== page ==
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Mitigating the Impact of Azimuthal Sampling on the Strength of Radar-Observed Circulations

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  • 1 Cooperative Institute for Mesoscale Meteorological Studies, University of Oklahoma, and NOAA/OAR/National Severe Storms Laboratory, Norman, Oklahoma
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Abstract

Severe thunderstorms and their associated tornadoes pose significant threats to life and property, and using radar data to accurately measure the rotational velocity of circulations in thunderstorms is essential for appropriate, timely warnings. One key factor in accurately measuring circulation velocity is the azimuthal spacing between radar data points, which is referred to as the azimuthal sampling interval. Previous studies have shown that reducing the azimuthal sampling interval can aid in measuring circulation velocity; however, this comes at the price of increased computational complexity. Thus, choosing the best compromise requires knowledge of the relationship between the radar azimuthal sampling interval and the accuracy of the circulation strength as measured from the radar data. In this work, we use simulations to quantify the impact of azimuthal sampling on the strength of radar-observed circulations and show that the improvements get progressively smaller as the azimuthal sampling interval decreases. Thus, improved characterization of circulations can be achieved without using the finest possible sampling grid. We use real data to validate the results of the simulations, which can be used to inform the selection of an appropriate azimuthal sampling interval that balances the accuracy of the radar-observed circulations and computational complexity.

© 2020 American Meteorological Society. For information regarding reuse of this content and general copyright information, consult the AMS Copyright Policy (www.ametsoc.org/PUBSReuseLicenses).

Corresponding author: Feng Nai, feng.nai@noaa.gov

Abstract

Severe thunderstorms and their associated tornadoes pose significant threats to life and property, and using radar data to accurately measure the rotational velocity of circulations in thunderstorms is essential for appropriate, timely warnings. One key factor in accurately measuring circulation velocity is the azimuthal spacing between radar data points, which is referred to as the azimuthal sampling interval. Previous studies have shown that reducing the azimuthal sampling interval can aid in measuring circulation velocity; however, this comes at the price of increased computational complexity. Thus, choosing the best compromise requires knowledge of the relationship between the radar azimuthal sampling interval and the accuracy of the circulation strength as measured from the radar data. In this work, we use simulations to quantify the impact of azimuthal sampling on the strength of radar-observed circulations and show that the improvements get progressively smaller as the azimuthal sampling interval decreases. Thus, improved characterization of circulations can be achieved without using the finest possible sampling grid. We use real data to validate the results of the simulations, which can be used to inform the selection of an appropriate azimuthal sampling interval that balances the accuracy of the radar-observed circulations and computational complexity.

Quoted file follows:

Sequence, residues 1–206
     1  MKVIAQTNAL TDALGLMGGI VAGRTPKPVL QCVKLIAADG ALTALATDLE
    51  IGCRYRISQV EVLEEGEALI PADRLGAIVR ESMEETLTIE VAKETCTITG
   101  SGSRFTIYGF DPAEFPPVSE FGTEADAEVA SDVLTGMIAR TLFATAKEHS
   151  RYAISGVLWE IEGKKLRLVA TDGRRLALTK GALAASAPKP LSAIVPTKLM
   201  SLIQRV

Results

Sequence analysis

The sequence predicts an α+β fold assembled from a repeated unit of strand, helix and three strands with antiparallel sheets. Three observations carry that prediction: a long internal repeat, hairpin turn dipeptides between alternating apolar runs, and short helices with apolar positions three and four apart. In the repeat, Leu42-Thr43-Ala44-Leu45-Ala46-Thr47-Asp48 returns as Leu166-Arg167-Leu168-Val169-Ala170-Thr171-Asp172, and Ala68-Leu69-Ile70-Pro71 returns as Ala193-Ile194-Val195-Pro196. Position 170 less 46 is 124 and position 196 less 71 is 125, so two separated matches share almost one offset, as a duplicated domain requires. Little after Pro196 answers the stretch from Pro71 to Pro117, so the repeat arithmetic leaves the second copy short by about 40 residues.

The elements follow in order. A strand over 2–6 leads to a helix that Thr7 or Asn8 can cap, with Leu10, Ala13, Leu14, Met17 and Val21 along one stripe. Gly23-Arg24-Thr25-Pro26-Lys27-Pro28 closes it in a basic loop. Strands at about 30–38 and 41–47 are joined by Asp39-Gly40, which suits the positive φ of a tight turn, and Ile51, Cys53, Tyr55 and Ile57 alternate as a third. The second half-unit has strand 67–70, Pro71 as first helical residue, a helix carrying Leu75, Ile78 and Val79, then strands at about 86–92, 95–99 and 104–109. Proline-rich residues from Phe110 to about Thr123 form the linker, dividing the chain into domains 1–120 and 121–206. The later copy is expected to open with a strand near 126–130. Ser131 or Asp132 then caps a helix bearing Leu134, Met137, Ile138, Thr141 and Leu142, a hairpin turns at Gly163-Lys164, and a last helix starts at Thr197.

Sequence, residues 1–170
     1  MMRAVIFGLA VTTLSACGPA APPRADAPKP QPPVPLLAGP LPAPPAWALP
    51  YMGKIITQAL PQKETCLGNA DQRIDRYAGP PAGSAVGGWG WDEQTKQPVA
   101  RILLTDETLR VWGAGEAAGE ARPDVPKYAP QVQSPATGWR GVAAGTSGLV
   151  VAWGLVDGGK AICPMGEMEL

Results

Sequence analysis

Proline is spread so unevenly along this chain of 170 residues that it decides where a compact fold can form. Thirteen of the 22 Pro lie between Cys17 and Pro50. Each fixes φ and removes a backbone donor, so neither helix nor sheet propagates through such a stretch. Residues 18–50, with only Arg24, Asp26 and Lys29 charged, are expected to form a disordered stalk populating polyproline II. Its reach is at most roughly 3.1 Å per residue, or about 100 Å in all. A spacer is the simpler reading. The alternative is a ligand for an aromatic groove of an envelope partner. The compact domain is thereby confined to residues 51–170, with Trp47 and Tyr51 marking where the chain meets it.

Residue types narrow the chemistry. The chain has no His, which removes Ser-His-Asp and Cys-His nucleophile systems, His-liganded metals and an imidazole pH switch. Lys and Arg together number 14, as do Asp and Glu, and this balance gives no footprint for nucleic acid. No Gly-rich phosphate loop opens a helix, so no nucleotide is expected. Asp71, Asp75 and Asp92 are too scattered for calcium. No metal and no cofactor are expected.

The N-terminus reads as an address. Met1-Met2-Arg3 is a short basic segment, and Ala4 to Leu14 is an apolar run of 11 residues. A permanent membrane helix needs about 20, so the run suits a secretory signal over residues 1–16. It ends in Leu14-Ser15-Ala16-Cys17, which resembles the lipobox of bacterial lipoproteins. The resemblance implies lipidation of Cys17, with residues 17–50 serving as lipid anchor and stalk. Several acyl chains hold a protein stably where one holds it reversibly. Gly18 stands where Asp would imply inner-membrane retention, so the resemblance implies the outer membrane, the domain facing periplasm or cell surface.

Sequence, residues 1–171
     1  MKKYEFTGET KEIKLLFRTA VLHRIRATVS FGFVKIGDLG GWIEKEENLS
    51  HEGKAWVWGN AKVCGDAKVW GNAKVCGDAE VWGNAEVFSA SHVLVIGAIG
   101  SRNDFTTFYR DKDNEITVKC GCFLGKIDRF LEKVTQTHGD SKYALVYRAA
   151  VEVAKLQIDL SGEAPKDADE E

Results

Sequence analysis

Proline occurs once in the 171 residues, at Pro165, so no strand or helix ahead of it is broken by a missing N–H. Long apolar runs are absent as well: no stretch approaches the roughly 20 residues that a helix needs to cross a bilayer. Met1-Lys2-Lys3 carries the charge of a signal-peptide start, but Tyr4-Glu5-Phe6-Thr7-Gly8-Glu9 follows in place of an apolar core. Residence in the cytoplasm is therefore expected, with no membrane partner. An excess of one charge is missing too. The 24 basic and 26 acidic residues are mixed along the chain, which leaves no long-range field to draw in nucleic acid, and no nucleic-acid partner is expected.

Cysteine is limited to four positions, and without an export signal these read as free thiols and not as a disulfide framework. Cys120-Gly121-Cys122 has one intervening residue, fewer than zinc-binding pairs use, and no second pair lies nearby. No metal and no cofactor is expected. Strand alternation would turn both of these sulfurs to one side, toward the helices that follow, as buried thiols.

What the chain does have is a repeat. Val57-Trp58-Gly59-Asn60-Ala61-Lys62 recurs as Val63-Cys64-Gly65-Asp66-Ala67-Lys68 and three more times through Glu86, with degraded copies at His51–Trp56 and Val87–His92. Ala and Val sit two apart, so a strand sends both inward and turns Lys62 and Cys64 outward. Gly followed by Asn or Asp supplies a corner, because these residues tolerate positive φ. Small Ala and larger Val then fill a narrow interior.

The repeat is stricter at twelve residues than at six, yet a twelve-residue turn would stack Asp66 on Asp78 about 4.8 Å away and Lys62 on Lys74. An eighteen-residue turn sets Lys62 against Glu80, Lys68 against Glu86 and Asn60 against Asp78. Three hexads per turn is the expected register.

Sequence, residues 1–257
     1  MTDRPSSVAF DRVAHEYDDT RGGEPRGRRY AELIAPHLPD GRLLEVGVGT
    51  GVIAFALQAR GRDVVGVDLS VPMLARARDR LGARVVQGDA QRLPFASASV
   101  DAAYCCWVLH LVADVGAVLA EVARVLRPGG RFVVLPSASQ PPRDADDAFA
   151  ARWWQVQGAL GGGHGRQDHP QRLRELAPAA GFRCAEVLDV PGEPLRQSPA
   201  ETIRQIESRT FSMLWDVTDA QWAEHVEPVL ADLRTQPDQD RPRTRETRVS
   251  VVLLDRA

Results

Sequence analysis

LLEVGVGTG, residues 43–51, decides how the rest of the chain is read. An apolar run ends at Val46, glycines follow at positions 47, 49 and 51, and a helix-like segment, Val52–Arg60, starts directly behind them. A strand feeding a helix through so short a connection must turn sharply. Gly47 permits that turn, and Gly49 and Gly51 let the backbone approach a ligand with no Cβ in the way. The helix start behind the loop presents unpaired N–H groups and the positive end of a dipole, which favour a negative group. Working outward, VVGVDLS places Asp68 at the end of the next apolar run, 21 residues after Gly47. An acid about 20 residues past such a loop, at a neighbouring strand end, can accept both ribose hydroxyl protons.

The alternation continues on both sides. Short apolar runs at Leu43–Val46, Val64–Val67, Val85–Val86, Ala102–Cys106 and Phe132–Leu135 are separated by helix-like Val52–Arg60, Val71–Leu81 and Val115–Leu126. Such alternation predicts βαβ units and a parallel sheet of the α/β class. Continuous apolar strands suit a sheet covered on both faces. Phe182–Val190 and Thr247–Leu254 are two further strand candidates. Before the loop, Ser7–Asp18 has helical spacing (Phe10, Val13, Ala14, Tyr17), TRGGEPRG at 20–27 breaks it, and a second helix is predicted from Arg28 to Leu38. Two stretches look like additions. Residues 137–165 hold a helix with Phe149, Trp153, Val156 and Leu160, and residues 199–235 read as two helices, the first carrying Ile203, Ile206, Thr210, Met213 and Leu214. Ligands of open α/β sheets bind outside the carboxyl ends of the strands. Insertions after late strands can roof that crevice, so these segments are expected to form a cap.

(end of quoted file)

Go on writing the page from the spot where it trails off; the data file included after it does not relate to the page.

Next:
© 2020 American Meteorological Society. For information regarding reuse of this content and general copyright information, consult the AMS Copyright Policy (www.ametsoc.org/PUBSReuseLicenses).

Corresponding author: Feng Nai, feng.nai@noaa.gov
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